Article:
Wednesday, September 15, 2010

Why a slow day of fishing is just as important as the days you catch your limit?

I’m sure you have all had days where you don’t even get a nibble, or slow days where you only catch one or two fish. I also know you have had days where the fishing couldn’t have been any better - what’s important about those days is they provide you with a great opportunity to learn. The slow days of fishing, or the days when you keep missing the hook set and landing your fish, provide you with a great learning experience if you allow yourself to do so.

If you’re interested in becoming a better fly fisherman, or just a better fisherman in general, its important to keep a journal of all of the variables and important details about your day. The things you need to include are:
- Date
- Time (including how long you fished for)
- Air Temperature
- Water Temperature
- Weather Patterns (Cloud Cover, Wind, Low/High Pressure)
- Wind (Speed and Direction)
- Fish Activity
- Insect/Bait Activity
- Number of Strikes
- Number of Hook-up
- Number of Fish Landed (if you want you can keep information about your fish, size, weight, etc.)

Many of you may think this is way too much information to keep track of. That may be true, but I can promise you that you will start to see a pattern year after year, even within the seasons that will help you improve your odds and help you catch more fish. If you don’t believe me here is a personal example.

I have been fishing the Big Head River, in Ontario, for a few years. Luckily, I’ve been fishing with a world class guide who has helped me learn along the way. He challenged me to take note of the conditions and learn when the best fishing is. I noted the water height specifically. Days where the water was low, I barely hooked any fish even though I could see them moving from pool to pool. As the water level rose, I could no longer see the fish, but the number of strikes increased. I was able to identify a pattern, which helped me catch more fish. Over time, I found the ideal range and when the water is within that range the question is not IF, but HOW MANY fish can be caught. I continue to keep track and update my notes to improve my odds.

Even if you don’t get an opportunity to fish often its still important to keep track of your findings, it will help you be a better fisherman. Regardless of how your day on the water goes, its true that its better than any day in an office!

Tight Lines

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Tuesday, September 14, 2010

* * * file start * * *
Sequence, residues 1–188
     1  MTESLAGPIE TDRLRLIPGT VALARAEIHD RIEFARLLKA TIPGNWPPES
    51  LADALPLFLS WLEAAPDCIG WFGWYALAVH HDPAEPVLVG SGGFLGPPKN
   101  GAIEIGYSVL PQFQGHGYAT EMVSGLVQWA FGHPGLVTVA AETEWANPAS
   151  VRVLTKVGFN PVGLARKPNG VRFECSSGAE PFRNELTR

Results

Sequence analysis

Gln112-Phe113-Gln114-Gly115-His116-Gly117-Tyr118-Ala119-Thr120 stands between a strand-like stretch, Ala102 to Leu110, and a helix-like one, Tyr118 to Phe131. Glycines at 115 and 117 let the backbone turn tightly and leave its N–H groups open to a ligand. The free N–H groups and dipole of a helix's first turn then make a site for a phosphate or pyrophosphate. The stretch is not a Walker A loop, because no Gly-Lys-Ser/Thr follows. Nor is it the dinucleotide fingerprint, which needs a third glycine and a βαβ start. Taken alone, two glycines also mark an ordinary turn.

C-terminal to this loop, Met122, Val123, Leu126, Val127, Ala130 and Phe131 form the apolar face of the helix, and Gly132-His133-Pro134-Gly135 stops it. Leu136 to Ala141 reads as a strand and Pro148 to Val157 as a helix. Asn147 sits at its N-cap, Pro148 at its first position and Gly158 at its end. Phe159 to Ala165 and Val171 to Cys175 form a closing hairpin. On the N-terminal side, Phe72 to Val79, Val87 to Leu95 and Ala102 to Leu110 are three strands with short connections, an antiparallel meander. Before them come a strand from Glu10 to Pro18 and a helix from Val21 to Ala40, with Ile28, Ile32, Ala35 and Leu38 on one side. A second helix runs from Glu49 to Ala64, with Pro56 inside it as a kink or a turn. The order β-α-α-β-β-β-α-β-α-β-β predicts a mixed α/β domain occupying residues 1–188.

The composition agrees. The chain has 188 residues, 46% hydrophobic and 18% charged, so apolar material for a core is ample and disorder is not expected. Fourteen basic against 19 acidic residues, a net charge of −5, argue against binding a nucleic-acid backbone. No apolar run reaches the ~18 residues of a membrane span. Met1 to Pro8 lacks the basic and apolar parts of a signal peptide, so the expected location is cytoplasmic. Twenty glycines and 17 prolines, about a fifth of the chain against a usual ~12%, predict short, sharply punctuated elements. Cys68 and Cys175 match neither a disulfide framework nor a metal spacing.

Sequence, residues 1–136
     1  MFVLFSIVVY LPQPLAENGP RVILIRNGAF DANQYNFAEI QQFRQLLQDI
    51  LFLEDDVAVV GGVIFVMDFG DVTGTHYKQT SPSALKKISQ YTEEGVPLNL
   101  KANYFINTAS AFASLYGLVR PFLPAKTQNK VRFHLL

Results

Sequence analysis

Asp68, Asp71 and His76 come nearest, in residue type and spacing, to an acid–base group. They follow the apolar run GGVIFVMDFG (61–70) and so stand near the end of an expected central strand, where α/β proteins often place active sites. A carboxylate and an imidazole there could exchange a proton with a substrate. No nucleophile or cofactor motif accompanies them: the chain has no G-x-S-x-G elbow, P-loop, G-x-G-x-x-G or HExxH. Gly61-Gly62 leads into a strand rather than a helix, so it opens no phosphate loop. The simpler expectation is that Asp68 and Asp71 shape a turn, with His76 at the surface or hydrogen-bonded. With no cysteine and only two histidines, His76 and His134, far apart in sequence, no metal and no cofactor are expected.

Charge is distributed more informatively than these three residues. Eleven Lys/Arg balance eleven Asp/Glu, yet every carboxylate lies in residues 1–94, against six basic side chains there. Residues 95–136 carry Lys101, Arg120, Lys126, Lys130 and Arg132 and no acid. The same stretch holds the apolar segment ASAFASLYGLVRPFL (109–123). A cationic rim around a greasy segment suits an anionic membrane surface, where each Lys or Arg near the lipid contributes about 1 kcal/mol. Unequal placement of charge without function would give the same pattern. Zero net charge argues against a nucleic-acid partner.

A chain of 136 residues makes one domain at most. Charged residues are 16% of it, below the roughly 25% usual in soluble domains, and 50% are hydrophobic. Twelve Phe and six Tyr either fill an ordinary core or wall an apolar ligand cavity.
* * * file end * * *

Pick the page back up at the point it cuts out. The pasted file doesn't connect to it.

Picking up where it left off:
Get those trail camera's's some Curios Deer!

I've been setting up my trail camera's to scout my favorite properties and it reminded me of the video I had from last year. This curious group of deer amazed me. I still see them coming back to the same spot year after year. ENJOY!

If you need a good trail camera, I'd suggest the one below, it a great price and produces great pictures!

I'll post some more videos later this week, until then, tight lines and shoot straight!

Monday, September 13, 2010

Slow day on the Credit...

This is just a quick update...I fished most of Saturday and saw some of the most beautiful wild brown trout I've ever seen. The water was gin clear and I could see to the bottom of a 9' deep pool. There were 5 well fed browns who had me outsmarted. I switched to a 12' - 7x leader and watch a variety of presentations swing right by. It looks like sometimes you just have to accept that a day on the water is better than a day in the office.

Tight Lines!


Thursday, September 9, 2010

How to catch migratory salmon and steelhead in the Great Lakes tributaries

Ontario's Great Lakes tributaries offer some of the world's best fishing for salmon, steelhead and a variety of other species that will be sure to provide an acrobatic fight. For the purpose of today's article we will focus mainly on the salmonoid species, more specifically salmon and trout.
There are a few of the tributaries that offer year-round fishing, but be sure to check your regulations to make sure you are fishing within law. Catching migratory species can actually be relatively simple; all you have to do is UNDERSTAND their patterns. They are called migratory fish for a reason; they travel “from one place to another at regular times of year, often over long distances (1).”
To catch this species that’s the one thing you have to remember, they travel at a similar time of year on the same route - all you have to do is get between them. There are a number of variables to consider such as water level, temperature, cloud covert, etc. The two things to remember are which direction are the fish headed; upstream or downstream, and where are they stopping when they are not moving?
Once you have identified the the direction look for pools, boulders or even cut banks as these places will often provide protection from prey, especially fishermen. Think of your approach logically, if you were trying to get from point A to point B without getting caught, where would you hide? How would you avoid your predator? Fish are no different, but they are limited to where they can swim. Quite often the biggest fish can be intercepted between pools hiding behind boulders, in rapids or against a cut bank.
Using a logical approach to fishing for migratory fish will help you produce more hook ups, now landing those monsters is a different story. In future articles we will explore various tactics for landing athletic fish.
(1) The American Heritage® Science Dictionary Copyright © 2005 by Houghton Mifflin Company. Published by Houghton Mifflin Company. All rights reserved. 

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Tight Lines

Salmon are here...

Salmon season is here! Its time to get the gear ready. I recently wrote an article for discussing the 3 things you must do before going fishing. To read that article, click here.